Violent, sometimes deadly clashes between police officers and civilians have been a major national topic during the past few years. While some departments have taken steps toward mending community relations, many Utahans are still dissatisfied with the level of transparency surrounding arrests and police stops, especially in places like Salt Lake City, Saratoga Springs, and other cities that have experienced recent police shootings. With Gallup polls reporting confidence in law enforcement at its lowest point since 1993 — the year after the L.A. riots — many concerned Americans have gained interest in filming police activities. Here, Utah disorderly conduct lawyer Darwin Overson explains whether it is legal to film the police — and what to do if you get arrested for recording an officer in the Salt Lake City Police Department.
Glik Ruling Protects Your Legal Right to Record Members of Law Enforcement
The United States Court of Appeals for the First Circuit ruled that civilians have the right to record police officers in Glik v. Cunniffe (2011), a case which arose after Simon Glik, a resident of Massachusetts, recorded Boston police officers conducting an arrest at a public park.
Glik was immediately placed under arrest for recording the incident, and, after being criminally charged with wiretapping and other offenses, filed a lawsuit against Boston and his arresting officers, asserting the police had violated his Constitutional rights by arresting him for filming. In a victory for civil rights, the court unanimously held that Glik’s rights had indeed been violated, noting that “a citizen’s right to film government officials, including law enforcement officers, in the discharge of their duties in a public space is a basic, vital, and well-established liberty safeguarded by the First Amendment.”
The Glik ruling dealt with videotaping on public property. However, on a related subject, you may also be interested in reading about when it is legal to record phone conversations in Utah.
Can You Be Criminally Charged for Filming a Police Officer in Utah?
While Glik was a crucial win for civil rights, there are still some limitations restricting the right to lawfully record the police. Broadly speaking, it is illegal to record law enforcement when doing so impedes an arrest or other police operations.
Interfering with police in Utah can result in criminal charges. Interfering with an arresting officer is a crime under Utah Code § 76-8-305, which provides the following:
“A person is guilty of a class B misdemeanor if he [or she knows, or should know] that a peace officer is [trying to conduct] a lawful arrest or detention… and interferes with the arrest or detention by… refus[ing] to refrain from performing any act that would impede the arrest or detention.”
In other words, a person could potentially get arrested for filming an arrest if the act of filming interferes with the arrest. This applies regardless of whether the person is filming their own arrest, or that of another person. Criminal penalties for a Class B misdemeanor in Utah include, at maximum, six months in jail and a fine of up to $1,000.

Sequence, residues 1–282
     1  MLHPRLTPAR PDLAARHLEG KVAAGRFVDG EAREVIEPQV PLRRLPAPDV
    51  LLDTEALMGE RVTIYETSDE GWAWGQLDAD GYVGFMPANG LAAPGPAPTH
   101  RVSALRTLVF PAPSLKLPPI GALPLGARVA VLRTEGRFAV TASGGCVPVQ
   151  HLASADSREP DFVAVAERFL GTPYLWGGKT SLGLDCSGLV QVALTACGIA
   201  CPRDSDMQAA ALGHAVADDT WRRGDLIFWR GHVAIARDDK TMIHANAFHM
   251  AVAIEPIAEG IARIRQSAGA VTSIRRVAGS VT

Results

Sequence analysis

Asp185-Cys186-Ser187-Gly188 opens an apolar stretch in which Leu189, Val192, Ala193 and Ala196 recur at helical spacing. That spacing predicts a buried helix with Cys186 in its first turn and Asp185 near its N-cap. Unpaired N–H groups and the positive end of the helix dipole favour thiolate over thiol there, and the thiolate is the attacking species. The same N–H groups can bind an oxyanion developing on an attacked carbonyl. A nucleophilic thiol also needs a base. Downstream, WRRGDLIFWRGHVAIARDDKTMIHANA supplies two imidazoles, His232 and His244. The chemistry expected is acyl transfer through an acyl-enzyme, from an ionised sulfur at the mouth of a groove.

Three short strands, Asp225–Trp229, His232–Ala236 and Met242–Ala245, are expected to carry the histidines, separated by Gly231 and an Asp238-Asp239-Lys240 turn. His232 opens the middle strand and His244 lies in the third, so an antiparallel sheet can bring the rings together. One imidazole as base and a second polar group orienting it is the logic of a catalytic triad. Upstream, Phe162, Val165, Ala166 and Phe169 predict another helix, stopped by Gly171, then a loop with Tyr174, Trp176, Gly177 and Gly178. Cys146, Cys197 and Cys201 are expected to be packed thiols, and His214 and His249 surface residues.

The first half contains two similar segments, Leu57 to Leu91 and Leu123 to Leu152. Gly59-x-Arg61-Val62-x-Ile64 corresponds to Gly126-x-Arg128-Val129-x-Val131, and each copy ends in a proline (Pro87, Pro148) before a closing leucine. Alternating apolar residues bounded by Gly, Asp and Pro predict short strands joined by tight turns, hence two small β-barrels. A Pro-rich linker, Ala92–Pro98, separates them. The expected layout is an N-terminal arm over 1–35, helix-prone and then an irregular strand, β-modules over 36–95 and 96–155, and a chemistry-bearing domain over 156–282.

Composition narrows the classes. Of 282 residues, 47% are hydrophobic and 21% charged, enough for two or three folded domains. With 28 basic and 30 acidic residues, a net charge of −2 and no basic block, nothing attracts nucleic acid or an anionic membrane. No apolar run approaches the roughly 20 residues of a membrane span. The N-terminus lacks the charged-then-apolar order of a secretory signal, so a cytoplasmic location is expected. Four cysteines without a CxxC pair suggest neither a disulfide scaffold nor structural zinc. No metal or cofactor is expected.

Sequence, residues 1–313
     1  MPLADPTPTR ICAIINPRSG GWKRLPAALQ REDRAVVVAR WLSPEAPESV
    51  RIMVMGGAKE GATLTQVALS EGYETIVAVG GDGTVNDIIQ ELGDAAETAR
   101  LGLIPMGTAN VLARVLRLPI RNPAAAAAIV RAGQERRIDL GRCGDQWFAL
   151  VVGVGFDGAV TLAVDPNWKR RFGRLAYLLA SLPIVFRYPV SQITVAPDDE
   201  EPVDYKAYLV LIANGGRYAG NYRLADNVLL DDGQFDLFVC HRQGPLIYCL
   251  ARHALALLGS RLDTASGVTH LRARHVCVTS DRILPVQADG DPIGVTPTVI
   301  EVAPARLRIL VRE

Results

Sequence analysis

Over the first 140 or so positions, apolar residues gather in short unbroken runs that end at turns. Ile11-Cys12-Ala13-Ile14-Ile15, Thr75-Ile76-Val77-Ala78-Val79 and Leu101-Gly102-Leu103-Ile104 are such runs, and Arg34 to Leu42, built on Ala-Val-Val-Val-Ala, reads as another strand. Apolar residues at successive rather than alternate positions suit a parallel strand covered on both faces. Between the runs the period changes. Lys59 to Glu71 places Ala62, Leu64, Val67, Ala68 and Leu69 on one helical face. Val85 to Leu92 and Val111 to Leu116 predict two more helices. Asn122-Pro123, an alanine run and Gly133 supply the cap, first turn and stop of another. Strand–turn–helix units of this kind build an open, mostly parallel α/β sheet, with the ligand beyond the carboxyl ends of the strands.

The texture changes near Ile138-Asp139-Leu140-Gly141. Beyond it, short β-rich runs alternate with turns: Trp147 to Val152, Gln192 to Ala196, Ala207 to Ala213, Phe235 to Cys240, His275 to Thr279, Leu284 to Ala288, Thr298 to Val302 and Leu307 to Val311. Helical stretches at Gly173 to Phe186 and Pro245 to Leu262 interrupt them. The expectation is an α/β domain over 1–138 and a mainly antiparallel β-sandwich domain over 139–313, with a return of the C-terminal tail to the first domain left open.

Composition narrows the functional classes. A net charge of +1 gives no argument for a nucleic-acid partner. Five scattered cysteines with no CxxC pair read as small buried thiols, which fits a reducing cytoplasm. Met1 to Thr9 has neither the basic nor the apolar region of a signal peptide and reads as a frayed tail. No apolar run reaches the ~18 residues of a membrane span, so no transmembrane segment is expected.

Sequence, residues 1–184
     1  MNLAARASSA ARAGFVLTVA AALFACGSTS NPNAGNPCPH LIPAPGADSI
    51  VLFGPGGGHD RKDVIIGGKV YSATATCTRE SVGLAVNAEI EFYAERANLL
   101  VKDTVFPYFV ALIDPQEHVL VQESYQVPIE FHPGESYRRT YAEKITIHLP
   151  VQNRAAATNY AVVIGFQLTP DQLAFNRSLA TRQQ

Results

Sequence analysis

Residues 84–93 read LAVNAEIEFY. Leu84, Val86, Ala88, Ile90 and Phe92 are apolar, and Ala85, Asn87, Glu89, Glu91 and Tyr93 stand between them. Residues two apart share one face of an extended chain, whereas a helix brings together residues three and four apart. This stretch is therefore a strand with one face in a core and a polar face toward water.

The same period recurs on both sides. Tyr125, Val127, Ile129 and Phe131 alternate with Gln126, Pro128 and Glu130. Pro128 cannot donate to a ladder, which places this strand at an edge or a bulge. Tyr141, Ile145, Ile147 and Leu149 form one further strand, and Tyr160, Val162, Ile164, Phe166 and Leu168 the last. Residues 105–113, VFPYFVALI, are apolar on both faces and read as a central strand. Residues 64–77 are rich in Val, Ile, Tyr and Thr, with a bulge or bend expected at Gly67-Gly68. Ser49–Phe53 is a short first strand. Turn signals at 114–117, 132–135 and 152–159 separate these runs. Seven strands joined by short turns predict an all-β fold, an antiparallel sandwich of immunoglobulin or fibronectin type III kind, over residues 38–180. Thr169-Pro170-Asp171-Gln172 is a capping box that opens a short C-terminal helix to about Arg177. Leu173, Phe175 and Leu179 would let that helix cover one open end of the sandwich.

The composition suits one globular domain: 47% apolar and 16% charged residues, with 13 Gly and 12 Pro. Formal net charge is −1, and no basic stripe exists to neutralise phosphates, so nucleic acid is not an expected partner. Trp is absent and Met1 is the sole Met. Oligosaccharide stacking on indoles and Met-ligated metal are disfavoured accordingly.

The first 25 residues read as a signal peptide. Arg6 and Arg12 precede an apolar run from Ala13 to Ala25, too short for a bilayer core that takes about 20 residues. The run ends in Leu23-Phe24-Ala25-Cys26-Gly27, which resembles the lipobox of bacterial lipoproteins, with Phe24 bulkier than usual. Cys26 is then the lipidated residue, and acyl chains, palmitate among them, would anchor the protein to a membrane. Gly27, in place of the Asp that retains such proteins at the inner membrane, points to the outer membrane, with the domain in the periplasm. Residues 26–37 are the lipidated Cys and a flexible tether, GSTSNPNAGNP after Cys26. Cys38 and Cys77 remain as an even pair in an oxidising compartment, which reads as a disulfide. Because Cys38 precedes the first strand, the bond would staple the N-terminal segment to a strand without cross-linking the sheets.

Utah Code § 76-8-305.5 creates a related offense called “failure to stop at the command of a law enforcement officer,” which is charged when a person flees the police after being ordered to stop, in order to avoid an arrest. This offense is a Class A misdemeanor, subject to maximum fine of $2,500 and a maximum sentence of one year in jail. Furthermore, it’s a crime to lie to the police — even though, at least under some circumstances, the police can lie to you.
Disorderly conduct charges are another potential outcome of a confrontation with law enforcement. Disorderly conduct is a Class C misdemeanor under Utah Code § 76-9-102, subject to a fine of up to $750 and a jail sentence of up to 90 days.
Don’t assume your case is hopeless if you were charged with disorderly conduct, interference with an arresting officer, or other crimes after an altercation with the police. A skilled defense attorney may be able to prove that you were not interfering or causing a disturbance as alleged, and may even be able to have your criminal case dismissed.
What to Do if You Were Arrested for Videotaping the Police in Salt Lake City
Despite the “well-established” legal protections that defend a civilian’s right to record law enforcement, some police officers still continue to harass and arrest people who are acting within the scope of the law. In August 2014 — three years after the Glik ruling — Bryce Weber, 19, was cited for disorderly conduct after filming a Woods Cross police officer whom Weber noticed sitting outside of his residence. The same month, Vernal police arrested Coty Tabbee, 27, for disorderly conduct after Tabbee filmed his mother’s arrest.
If you or one of your family members was arrested for recording the police in Salt Lake City or other cities in Utah, Overson & Bugden may be able to help. With over 16 years of experience handling thousands of felonies and misdemeanors throughout Utah, criminal lawyer Darwin Overson has built a legal career as an aggressive and outspoken defender of citizens’ Constitutional rights.
To set up a free legal consultation with Darwin, call the law offices of Overson & Bugden at (801) 758-2287. Your information will be kept confidential. Darwin is available to visit county jails and holding centers, including the Salt Lake County Jail.